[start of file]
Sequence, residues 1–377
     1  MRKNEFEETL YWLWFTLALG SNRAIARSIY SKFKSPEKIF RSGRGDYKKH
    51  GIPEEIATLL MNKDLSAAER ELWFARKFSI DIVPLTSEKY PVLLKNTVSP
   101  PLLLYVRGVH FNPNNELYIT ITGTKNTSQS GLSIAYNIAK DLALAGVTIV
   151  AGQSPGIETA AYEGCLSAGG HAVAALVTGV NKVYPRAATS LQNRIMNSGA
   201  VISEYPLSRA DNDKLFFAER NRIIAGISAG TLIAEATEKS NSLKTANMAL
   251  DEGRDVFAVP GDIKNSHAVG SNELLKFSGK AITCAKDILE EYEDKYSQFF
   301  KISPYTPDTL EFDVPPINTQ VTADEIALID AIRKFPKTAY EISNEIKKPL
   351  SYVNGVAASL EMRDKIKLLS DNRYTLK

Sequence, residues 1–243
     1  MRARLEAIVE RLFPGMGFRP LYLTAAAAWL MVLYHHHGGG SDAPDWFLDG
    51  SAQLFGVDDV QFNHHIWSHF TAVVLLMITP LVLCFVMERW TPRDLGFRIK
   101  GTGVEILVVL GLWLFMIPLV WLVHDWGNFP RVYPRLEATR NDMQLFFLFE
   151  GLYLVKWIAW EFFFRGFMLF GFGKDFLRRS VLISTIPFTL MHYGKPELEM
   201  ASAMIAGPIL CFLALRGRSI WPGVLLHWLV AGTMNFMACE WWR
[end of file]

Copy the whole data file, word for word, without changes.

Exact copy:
Sequence, residues 1–377
     1  MRKNEFEETL YWLWFTLALG SNRAIARSIY SKFKSPEKIF RSGRGDYKKH
    51  GIPEEIATLL MNKDLSAAER ELWFARKFSI DIVPLTSEKY PVLLKNTVSP
   101  PLLLYVRGVH FNPNNELYIT ITGTKNTSQS GLSIAYNIAK DLALAGVTIV
   151  AGQSPGIETA AYEGCLSAGG HAVAALVTGV NKVYPRAATS LQNRIMNSGA
   201  VISEYPLSRA DNDKLFFAER NRIIAGISAG TLIAEATEKS NSLKTANMAL
   251  DEGRDVFAVP GDIKNSHAVG SNELLKFSGK AITCAKDILE EYEDKYSQFF
   301  KISPYTPDTL EFDVPPINTQ VTADEIALID AIRKFPKTAY EISNEIKKPL
   351  SYVNGVAASL EMRDKIKLLS DNRYTLK

Sequence, residues 1–243
     1  MRARLEAIVE RLFPGMGFRP LYLTAAAAWL MVLYHHHGGG SDAPDWFLDG
    51  SAQLFGVDDV QFNHHIWSHF TAVVLLMITP LVLCFVMERW TPRDLGFRIK
   101  GTGVEILVVL GLWLFMIPLV WLVHDWGNFP RVYPRLEATR NDMQLFFLFE
   151  GLYLVKWIAW EFFFRGFMLF GFGKDFLRRS VLISTIPFTL MHYGKPELEM
   201  ASAMIAGPIL CFLALRGRSI WPGVLLHWLV AGTMNFMACE WWR